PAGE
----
Monday, April 27, 2009

Foliage trumps blooms this week

Blossoms are great, but I'm taking increased pleasure in the foliage I see unfurling and coloring these last few weeks. As soon as it heated up a little bit, there was no holding some plants back.

Particularly fulfilling are the young leaves of an acer circinatum we had planted last spring. It was a lovely multi-trunked specimen that quickly leafed out after planting but the heat of summer was hard on it. Knowing how very small its root ball was (we think it was collected from the wild) we feared for its well-being. We pruned it and kept it well watered and mulched to help it cope, but it was clearly stressed through the year. This year we hope it will fare better and its bright yellow-green leaves with their reddish tips are a hopeful sign.

Also gorgeous are the new leaves of our young eucalyptus (E. pauciflora ssp. debeuzevillei.) The foliage comes out so reddish-orange that it looks almost like flowers from a distance. I chose this variety because it is supposed to be one of the hardiest eucs, and I'm delighted that it did so well over the winter. Based on last year's gains, I expect it to put on a foot or two more height this summer.
Go little tree!


  1. Hopefully the a. circinatum will recover just fine. I had a neighbor digging out some mature trees from his yard, and I volunteered to give them a happy home. There was only a major root attached to the trees. One lived and one didn't, but the one that didn't make it was pretty obviously gone by the middle of the first year. Good luck, little maple!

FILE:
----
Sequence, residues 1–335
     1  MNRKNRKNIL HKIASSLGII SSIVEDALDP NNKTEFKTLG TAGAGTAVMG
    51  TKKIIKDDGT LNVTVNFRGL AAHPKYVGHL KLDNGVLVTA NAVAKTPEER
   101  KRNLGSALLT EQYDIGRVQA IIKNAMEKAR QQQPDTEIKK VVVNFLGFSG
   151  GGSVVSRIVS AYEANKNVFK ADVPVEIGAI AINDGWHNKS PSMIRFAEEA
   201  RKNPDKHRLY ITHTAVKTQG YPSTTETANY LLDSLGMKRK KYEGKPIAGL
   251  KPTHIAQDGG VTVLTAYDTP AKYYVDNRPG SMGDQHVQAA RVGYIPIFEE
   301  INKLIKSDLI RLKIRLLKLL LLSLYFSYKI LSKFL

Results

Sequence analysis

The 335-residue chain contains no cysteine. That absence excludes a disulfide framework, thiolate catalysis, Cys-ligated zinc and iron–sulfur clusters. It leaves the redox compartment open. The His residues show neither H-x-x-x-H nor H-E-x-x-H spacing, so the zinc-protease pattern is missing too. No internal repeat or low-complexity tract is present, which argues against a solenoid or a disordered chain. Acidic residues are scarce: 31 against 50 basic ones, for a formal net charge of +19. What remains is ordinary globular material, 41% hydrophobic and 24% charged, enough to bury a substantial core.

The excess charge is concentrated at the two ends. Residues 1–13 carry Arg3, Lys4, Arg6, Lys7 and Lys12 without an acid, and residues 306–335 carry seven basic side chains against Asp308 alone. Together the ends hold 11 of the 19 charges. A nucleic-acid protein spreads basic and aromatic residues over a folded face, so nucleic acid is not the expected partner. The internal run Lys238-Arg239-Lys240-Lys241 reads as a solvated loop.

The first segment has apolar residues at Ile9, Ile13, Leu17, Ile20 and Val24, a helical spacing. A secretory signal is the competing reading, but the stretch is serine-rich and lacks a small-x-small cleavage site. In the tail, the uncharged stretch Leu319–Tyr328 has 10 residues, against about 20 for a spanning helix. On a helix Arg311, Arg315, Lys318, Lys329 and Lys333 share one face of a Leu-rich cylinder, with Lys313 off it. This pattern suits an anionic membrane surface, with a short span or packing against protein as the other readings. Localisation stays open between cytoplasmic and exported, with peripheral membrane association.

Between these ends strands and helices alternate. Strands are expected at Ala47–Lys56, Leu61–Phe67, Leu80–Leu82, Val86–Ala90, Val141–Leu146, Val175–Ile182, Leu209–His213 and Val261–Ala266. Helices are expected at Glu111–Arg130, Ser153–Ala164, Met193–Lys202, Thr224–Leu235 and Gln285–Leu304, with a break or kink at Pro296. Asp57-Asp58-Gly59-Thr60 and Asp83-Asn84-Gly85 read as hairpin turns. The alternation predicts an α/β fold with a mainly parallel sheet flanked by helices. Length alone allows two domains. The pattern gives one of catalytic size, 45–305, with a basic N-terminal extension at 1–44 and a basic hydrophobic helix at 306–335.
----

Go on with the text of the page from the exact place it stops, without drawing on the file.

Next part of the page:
2. Great blog! Here in zone 5, we're quite a bit behind you so I'm anxiously awaiting any sign of leaves. Reading your blog helps pass the time!

  3. Thanks, Megan. You let me feel more certain now that the maple has established itself over the past year, but I think we'll still need to be watchful about water and mulch (and maybe some kind of mild fertilizer?)

    Erin, welcome! We've been feeling sorry for ourselves after our last "hard" winter. I can't begin to imagine how much more severe yours are in Wisconsin. I realize how blessed we are in the Pacific Northwest, and I'm happy to be able to offer a little vicarious gardening fun to you!

  4. Hi, Jane,

    I'm beginning to follow. I love the eucalyptus, too. I wish I had a picture of my pomegranate tree to send. Scarlet/orange blossoms on lime-green foliage. It's in my eye when I'm at my desk. Jake put that baby tree in a pot the summer he was down here working for some relative. You might mention that it's thriving.



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